Tuesday, September 2, 2008

The Big Day: we open the garden

The day did not begin well. On Saturday, we'd basked in a very pleasant 28C (82F) as we made the last, leisurely tweaks to the garden (hiding the rubbish bins in the garage, moving the barbecue and the hose out of the way etc). On Sunday, the day upon which our horticultural attention had been fixed for months - the day we were opening for the National Gardens Scheme; The Big Day - we awoke to a rainforest effect: a kind of steamy haze hanging over London. From deep in the mist came rumbles of thunder.
The rain began as we had breakfast and continued for a couple of hours, leaving the bamboos bent over the terrace, ready to drip all over our visitors. You don't know how much rain bamboo can hold until you accidentally brush against it: it's like having a cold shower. All thoughts of a last tidy-up disappeared, and as a final irritation, a squirrel swinging wildly on one of the bird feeders managed to tip seed all over the terrace.
It was a struggle not to be pessimistic about the weather, and whether it would put people off, but we carried on regardless, icing cakes, and setting out chairs and tables. I'd had a surprise bouquet from Jane, a card from Zoe, and an email from Garden Monkey, all wishing me good luck, so that cheered me up.
The first visitors arrived at 1.45pm. We weren't due to open until 2pm, but we were so glad to see them, we welcomed them with open arms (and dripping bamboo). Visitors are all very different. Some ask lots of questions, others like to go round on their own. Some are jolly, some intensely serious. A couple of early visitors yesterday looked at me with deep suspicion when I introduced myself, so I left them to it. As the day wore on, I found, people became more and more chatty, so that when friends arrived, I hardly had a minute to talk to them and felt very rude.
Last year, I'd forgotten to provide a list of plants, and spent the whole afternoon repeating myself like a broken record as I told people the same information over and over again. This year, I wrote a guide, protected by plastic folders, so people could carry it around the garden with them. Still got lots of questions, though, but that was fine. Many people were fascinated by the heron deterrent, Netfloat, and whether it worked or not (it does). I'd read somewhere, when I built my pond, that herons need a long landing strip, as it were, and that they liked to wade into water, so a raised bed would deter them. It's not true. I've seen a heron descend on the seating area around my pond like a Harrier jump jet coming into land on an aircraft carrier.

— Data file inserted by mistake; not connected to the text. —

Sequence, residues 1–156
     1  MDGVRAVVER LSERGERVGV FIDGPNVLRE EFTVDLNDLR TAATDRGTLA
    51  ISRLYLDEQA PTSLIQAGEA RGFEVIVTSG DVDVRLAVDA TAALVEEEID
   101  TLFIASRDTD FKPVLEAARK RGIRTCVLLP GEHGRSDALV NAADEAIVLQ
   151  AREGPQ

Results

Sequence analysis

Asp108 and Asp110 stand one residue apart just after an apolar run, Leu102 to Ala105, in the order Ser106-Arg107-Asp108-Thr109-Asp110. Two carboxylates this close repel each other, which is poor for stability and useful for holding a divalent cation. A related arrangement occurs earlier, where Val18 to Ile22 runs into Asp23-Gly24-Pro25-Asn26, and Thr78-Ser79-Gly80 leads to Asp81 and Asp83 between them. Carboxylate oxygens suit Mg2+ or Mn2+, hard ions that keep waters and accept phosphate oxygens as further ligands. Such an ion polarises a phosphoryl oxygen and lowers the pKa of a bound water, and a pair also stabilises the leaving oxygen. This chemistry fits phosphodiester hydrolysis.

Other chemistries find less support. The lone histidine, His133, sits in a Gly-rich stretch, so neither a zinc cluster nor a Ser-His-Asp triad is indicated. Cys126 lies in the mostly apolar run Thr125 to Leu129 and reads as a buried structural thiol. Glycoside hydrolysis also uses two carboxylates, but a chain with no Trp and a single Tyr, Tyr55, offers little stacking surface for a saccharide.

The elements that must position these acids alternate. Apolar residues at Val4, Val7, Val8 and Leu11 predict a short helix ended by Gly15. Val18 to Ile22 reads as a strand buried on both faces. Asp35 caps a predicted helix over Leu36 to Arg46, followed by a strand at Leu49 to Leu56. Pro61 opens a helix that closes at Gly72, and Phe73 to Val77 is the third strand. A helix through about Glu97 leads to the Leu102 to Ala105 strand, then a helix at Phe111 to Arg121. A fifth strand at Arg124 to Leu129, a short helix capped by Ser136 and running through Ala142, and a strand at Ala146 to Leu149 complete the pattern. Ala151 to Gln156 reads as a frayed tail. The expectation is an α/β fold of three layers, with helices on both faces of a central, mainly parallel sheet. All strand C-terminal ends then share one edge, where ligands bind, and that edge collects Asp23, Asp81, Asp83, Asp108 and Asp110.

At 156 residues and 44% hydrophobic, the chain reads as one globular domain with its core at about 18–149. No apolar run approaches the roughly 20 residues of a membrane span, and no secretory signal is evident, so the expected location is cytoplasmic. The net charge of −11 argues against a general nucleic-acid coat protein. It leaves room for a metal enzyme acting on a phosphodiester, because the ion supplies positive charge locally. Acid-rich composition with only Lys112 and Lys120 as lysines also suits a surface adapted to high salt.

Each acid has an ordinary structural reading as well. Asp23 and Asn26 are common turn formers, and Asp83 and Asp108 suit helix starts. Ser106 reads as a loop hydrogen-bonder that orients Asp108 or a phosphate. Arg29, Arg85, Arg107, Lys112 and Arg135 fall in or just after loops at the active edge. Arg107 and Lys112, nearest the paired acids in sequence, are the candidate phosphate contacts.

The bananas also received a lot of attention as did the Arundo donax, the phormiums and the Montezuma pine. Anna Pavord, in her piece in Saturday's Independent Magazine, said our Phormium tenax was the biggest one she'd ever seen. It's so big people are never very sure whether it really is a phormium.
Some visitors come from miles away and others come from neighbouring streets. It's always lovely to meet people who live locally, not least because you can exchange information about garden conditions, and allotments, and local gossip. Yet others, like Paola, who's from Brazil but now lives in London, I met because she stopped to photograph the bamboo outside the house one day.
During the months of preparation, you tend to forget what fun the opening actually is. It's a bit like a huge party, but instead of having to make small talk to strangers, you have the luxury of being able to spend an afternoon chatting to fellow enthusiasts about gardening - and raise money for charity at the same time. By the time we closed at 6pm, we'd had 120 visitors and raised a total of around £400.
I'd like to say a big thank-you to my husband Craig, who sat in solitary state in the front garden all afternoon selling tickets, to my daughter Nevada, who with her best friends Eliza and Jake served the tea and home-made cakes, to my colleague, Independent on Sunday gardening writer Emma Townshend, who also contributed the most delicious cakes, to Cleve West, who supplied nearly all the pictures below (because for obvious reasons I didn't have time to take any myself), to my stepdaughter Holly, who brought loads of friends along, and to all our friends who supported us not only yesterday but through all the moments of angst over the past months.

The Netfloat heron deterrent on display in the pond. It consists of plastic rings that link together (you can also cut the centres out to make room for plants if you need to). As the name suggests, it simply floats on the surface of the water, so it's easy to remove if you need to take it out to do some pond maintenance

Even if you don't have time to talk to them, it's lovely when friends turn up to support you. From left, Christine, William, Emma T, Matthew and Jane

The big phormium to the left of the picture is the one that impressed Anna Pavord, but these visitors seem to be in search of other interesting things...

A view of visitors in the garden from the table area. The empty feeder in the foreground is the one the swinging squirrel managed to empty all over the ground

The vast leaves of Musa basjoo, the hardy banana

Arundo donax, or giant reed, in the foreground with, beside it, the spiky leaves of a cordyline.

The cakes, a vital part of any garden visit, I think. Craig's homemade tablet is on the table on the left: it proved extremely popular

That's me on the right, in the flowery dress. Emma took this picture and very kindly hid most of me behind a visitor. My concession to the weather was not blow-drying my hair, so I look like the Witch of Endor crossed with a Cath Kidston catalogue. By the way, that's not blue sky in the background, but black cloud